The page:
A retired GP has been suspended from the BMA Welsh Council until 2014 after he questioned the evidence behind the BMA's campaign to ban smoking in vehicles on BBC Radio.And what was he criticising?
Dr Brendan O'Reilly, a retired GP, has also had his BMA membership suspended until he provides ‘an acceptable written apology' to four named BMA members, including Dr Vivienne Nathanson, head of the BMA science and ethics committee.
In a hearing held yesterday a BMA Council panel said they considered Dr O'Reilly's language when describing his opposition to the BMA's use of statistics on the risks of passive smoking in cars as ‘unacceptable'.
Among figures questioned by Dr O'Reilly was a statistic that children in cars are exposed to 23 times more toxins than people in a smoky bar.That's right. Pointing out that the BMA were publishing absolute rubbish, which they themselves later admitted, is a crime liable to suspension in the BMA's book.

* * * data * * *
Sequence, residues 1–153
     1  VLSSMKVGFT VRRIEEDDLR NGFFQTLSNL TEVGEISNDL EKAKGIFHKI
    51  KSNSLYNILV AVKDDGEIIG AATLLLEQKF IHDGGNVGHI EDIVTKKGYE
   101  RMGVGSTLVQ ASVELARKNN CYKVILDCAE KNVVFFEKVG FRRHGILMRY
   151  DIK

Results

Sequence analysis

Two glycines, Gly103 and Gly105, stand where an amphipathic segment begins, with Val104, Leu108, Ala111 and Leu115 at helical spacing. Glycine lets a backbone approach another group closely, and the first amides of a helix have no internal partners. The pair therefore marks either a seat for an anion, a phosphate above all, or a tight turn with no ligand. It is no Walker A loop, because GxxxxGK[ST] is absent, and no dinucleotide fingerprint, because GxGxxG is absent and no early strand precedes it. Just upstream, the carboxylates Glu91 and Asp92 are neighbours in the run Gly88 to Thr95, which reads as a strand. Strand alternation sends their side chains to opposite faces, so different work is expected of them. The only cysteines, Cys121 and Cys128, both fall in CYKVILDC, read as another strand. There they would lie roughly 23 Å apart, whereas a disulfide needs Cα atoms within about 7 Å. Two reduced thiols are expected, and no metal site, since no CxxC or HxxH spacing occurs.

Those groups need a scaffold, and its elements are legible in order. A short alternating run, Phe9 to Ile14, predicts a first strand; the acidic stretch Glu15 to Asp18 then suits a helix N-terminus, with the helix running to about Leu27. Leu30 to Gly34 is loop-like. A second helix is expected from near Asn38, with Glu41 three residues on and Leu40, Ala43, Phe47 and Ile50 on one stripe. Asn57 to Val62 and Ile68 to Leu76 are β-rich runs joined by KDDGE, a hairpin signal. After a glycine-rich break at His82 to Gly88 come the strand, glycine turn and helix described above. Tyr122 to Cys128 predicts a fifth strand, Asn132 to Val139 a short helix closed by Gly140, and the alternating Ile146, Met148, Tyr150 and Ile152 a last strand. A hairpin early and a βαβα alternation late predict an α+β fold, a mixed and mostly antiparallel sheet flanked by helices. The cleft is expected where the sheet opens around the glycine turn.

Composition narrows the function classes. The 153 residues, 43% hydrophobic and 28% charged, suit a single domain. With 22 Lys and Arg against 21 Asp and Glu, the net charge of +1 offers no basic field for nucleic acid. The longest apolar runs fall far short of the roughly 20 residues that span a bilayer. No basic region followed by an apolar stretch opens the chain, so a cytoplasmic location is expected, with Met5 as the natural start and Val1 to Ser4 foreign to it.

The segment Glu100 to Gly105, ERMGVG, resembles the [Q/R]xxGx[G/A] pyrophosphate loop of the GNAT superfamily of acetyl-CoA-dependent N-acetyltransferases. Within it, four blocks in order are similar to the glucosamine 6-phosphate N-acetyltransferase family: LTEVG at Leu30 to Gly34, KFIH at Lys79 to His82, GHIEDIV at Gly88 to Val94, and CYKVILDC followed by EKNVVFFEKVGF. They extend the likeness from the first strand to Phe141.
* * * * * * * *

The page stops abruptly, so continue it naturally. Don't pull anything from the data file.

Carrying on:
In its determination, the BMA admitted it did, at a later stage, have to publicly revise some of the data in its briefing paper Smoking in Vehicles. But it said Dr O'Reilly's use of the term manipulation was ‘detrimental to the honour and interest of the BMA'.
‘BMA members should be able to debate differences in opinion without being threatened or harangued for doing so,' he added. ‘There is a massive issue here about free speech.'Free speech in the field of anti-smoking hysteria? I'm afraid it's not allowed, sunshine. Nor is truth, more's the pity.
Just ask James Enstrom or Michael Siegel.